Many Brits don't know exactly why it's Boxing Day Boxing day is called Some believe it is so called because gift boxes and papers are thrown in the trash on Boxing Day. Or failed prizes are boxed up and sent upstairs or down to the basement.
It is neither one nor the other.
Fox hunting is also strongly associated with this day. But that has nothing to do with it.
It definitely has something to do with the boxes.
Stephen Moss writes Boxing Day in the Guardian: “It is called documented knowledge Boxing day Related to Christmas boxes, but the exact nature of the matter and when the boxes were distributed are disputed.
Giving boxes is related to collecting money from the poor. The boxes were given to the poor or their servants. These are traditionally opened on December 26, St. Stephen's Day, the day after Christmas.
It is unclear when this Boxing Day tradition began. Some say it dates back to the Victorian era. Others believe she is too old. It may date back to the Middle Ages or to the Roman Empire after its Christianization.
Although the timing is disputed, it was the Victorians who institutionalized Box Day, Moss says in his essay. The Oxford English Dictionary mentions the term Boxing Day in the 1830s. In 1871, Boxing Day was made an official holiday.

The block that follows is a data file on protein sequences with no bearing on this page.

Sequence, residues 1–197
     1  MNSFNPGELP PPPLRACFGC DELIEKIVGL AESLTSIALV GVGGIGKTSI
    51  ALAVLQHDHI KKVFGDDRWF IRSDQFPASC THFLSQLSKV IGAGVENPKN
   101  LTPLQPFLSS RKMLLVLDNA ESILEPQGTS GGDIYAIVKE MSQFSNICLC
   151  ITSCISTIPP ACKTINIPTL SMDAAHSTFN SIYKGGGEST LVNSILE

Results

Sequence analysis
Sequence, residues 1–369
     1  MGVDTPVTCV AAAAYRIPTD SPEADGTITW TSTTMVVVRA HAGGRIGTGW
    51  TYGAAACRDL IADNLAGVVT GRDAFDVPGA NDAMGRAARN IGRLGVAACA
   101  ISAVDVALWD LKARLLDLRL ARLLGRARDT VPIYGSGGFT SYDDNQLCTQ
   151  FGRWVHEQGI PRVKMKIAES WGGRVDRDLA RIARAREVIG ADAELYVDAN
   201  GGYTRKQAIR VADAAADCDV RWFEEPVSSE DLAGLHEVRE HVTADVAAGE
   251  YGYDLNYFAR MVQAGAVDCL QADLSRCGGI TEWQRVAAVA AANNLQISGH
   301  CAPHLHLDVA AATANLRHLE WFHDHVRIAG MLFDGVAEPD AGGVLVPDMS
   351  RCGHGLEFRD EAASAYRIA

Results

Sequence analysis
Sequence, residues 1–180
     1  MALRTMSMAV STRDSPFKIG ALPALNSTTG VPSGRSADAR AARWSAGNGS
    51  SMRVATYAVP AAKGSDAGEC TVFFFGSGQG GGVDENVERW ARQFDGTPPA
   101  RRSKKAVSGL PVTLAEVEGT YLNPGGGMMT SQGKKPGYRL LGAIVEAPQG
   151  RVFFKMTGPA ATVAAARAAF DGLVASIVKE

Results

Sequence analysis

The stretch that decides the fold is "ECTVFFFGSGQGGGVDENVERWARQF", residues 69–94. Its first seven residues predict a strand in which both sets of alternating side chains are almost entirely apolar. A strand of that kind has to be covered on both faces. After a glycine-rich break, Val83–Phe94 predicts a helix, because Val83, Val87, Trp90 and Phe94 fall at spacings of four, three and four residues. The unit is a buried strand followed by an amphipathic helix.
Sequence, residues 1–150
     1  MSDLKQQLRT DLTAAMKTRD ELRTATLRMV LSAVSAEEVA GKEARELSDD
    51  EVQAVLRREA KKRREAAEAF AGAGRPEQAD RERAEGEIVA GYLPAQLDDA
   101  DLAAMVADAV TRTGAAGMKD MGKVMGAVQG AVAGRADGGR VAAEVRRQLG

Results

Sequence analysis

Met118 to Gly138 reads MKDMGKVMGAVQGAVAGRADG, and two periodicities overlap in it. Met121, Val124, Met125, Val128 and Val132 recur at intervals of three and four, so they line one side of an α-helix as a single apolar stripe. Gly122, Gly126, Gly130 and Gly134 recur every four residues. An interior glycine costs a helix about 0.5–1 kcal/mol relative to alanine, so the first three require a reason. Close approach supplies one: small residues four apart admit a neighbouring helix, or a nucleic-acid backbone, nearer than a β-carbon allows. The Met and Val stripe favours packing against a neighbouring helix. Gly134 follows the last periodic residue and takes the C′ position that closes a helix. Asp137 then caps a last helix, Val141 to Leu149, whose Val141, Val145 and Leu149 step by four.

It was customary in those days for the wealthy to give their servants a holiday on December 26 so that they could visit their families. They were also given a box (at Christmas) that could contain money, food or other gifts.
A similar but separate tradition is to present a “Christmas box” with gifts or money to craftsmen on the first working day after Christmas (then December 26) as a reward for their good services.
Samuel Pepys, well-known in Great Britain as a historian of the Restoration era under King Charles II of England, wrote in his diary on December 19, 1663: “From there went in a carriage to my shoemaker and settled accounts and gave the boy something. His box for Christmas.”
The Boxing Day tradition is primarily in Great Britain, but the day is also celebrated under this name in Australia, New Zealand and Canada. However, in America, “Box Day” is unknown.
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